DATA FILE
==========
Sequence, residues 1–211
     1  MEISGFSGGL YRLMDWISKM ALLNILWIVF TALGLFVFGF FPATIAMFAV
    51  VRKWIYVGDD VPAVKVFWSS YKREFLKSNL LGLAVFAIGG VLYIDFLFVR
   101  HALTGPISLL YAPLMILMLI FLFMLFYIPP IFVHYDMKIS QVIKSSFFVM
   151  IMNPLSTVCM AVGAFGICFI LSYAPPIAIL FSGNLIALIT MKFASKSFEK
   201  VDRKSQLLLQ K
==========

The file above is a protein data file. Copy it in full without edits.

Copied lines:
Sequence, residues 1–211
     1  MEISGFSGGL YRLMDWISKM ALLNILWIVF TALGLFVFGF FPATIAMFAV
    51  VRKWIYVGDD VPAVKVFWSS YKREFLKSNL LGLAVFAIGG VLYIDFLFVR
   101  HALTGPISLL YAPLMILMLI FLFMLFYIPP IFVHYDMKIS QVIKSSFFVM
   151  IMNPLSTVCM AVGAFGICFI LSYAPPIAIL FSGNLIALIT MKFASKSFEK
   201  VDRKSQLLLQ K